Tabu feels like it could've been made 50 years ago. There are the obvious physical attributes - it's in black and white and in Academy ratio (closer to square-shaped than the standard wider screen), but it also has a lyrical romanticism rare in contemporary films. Yet that's not to say its old fashioned, Tabu doesn't conform to any traditional form of filmmaking.
The film is divided into two parts. The first is Paradise Lost and the second is Paradise. As the titles suggest, the second half is what it's all about. Romantic, grand and beautiful, it often feels like watching classic Fellini.
There's one big difference, though. Portuguese director Gomes has made the daring decision to use no dialogue in the second half, only voice over. Often the voice over will stop and the scenes will continue with the characters moving their mouths but we are left to guess what they are saying. Somehow the effect doesn't distance the audience at all, it kind of feels like reading a book with occasional visual interludes.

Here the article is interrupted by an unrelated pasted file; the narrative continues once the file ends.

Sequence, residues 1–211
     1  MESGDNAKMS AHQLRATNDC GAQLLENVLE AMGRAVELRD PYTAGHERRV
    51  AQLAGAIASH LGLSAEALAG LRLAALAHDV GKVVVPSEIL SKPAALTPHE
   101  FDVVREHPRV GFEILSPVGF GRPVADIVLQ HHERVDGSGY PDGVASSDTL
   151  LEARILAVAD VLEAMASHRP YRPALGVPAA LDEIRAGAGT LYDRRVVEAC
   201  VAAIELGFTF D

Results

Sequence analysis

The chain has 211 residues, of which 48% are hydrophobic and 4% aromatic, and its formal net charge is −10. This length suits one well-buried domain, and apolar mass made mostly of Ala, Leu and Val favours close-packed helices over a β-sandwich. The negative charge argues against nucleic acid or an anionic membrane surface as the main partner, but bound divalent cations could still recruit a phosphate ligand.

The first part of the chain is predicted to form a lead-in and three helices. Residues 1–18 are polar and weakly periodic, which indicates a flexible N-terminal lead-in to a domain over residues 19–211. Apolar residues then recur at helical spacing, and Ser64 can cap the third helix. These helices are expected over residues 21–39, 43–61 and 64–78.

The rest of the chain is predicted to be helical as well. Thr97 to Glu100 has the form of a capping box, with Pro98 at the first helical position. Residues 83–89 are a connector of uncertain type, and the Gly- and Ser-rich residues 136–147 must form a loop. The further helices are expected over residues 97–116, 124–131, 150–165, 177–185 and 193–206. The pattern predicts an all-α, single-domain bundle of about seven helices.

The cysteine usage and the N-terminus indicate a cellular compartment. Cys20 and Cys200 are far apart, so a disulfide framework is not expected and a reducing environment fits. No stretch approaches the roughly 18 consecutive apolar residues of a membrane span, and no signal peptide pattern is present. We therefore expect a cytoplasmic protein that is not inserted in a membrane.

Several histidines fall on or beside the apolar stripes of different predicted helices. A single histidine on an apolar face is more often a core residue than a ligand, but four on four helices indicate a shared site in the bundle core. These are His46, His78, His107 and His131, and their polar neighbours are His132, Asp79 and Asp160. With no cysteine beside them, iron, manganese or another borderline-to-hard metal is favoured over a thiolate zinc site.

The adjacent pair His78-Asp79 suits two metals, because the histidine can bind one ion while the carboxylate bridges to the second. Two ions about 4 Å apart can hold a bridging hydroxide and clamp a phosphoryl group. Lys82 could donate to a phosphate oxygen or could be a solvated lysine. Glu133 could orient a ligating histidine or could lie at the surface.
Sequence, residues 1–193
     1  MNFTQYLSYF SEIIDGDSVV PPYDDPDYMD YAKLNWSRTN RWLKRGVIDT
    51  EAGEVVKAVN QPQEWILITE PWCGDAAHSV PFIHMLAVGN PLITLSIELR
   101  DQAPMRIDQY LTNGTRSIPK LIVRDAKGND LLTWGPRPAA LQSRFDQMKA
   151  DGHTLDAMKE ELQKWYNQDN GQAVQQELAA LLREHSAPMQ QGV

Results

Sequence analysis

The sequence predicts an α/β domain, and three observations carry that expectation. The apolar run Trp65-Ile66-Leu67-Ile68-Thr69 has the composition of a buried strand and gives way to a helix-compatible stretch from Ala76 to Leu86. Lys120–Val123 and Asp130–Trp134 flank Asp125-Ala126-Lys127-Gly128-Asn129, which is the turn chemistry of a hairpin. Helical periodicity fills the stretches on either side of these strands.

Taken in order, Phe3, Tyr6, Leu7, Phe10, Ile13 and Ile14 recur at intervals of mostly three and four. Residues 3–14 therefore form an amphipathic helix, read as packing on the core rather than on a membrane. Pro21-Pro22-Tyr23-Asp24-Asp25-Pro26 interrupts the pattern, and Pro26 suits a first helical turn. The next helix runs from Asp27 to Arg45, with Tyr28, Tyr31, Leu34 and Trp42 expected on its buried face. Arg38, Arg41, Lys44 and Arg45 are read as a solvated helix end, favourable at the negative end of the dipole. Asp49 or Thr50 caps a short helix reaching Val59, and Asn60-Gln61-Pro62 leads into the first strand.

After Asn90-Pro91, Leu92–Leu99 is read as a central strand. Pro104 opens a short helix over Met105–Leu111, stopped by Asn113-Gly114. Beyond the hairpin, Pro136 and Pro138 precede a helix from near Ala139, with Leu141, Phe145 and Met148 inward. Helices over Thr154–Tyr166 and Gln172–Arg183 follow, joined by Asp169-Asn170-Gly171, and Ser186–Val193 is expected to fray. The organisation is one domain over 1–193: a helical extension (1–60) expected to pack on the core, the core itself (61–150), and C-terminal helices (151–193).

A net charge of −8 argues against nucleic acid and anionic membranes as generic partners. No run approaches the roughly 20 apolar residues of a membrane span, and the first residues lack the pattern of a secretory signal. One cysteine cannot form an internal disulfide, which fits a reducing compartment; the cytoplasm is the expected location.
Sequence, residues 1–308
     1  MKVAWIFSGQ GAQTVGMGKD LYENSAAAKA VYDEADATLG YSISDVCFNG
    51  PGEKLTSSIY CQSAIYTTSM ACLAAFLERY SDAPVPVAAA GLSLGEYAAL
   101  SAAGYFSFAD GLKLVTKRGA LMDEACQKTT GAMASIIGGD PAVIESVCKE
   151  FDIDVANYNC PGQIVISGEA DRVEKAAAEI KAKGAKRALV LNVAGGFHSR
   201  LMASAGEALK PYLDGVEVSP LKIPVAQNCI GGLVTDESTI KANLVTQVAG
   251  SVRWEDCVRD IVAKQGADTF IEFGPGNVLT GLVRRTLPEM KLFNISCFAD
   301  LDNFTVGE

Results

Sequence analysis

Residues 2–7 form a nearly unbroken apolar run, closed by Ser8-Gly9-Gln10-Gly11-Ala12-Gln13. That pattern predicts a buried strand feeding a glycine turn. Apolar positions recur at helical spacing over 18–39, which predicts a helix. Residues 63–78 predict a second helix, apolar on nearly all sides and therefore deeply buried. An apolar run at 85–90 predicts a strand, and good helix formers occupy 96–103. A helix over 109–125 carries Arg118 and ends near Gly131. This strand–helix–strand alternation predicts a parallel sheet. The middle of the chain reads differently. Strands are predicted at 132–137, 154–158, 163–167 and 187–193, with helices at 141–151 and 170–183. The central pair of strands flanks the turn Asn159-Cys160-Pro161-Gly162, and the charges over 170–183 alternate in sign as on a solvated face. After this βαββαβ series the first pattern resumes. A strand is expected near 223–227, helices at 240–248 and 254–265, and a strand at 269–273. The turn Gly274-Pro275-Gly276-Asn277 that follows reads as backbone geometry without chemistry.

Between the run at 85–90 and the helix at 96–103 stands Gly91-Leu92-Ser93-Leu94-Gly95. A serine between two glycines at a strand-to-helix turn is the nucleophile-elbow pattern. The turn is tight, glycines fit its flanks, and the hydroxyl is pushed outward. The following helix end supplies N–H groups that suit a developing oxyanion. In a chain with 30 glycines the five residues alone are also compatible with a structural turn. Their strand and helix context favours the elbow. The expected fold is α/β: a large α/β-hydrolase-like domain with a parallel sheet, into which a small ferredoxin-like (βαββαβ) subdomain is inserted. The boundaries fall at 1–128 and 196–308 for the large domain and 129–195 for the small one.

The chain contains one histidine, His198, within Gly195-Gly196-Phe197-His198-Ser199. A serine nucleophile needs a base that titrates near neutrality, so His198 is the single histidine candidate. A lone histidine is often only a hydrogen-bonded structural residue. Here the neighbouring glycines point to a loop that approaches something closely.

Tabu will clearly not be for all tastes. It refuses easy categorisation, and makes little attempt to endear us to its characters. They may look beautiful together, but there's nothing sympathetic about how the two lovers at the centre of the story are drawn.
Even so, this tale of Europeans in love in Africa is undeniably romantic and quite swoon-worthy in it's own way.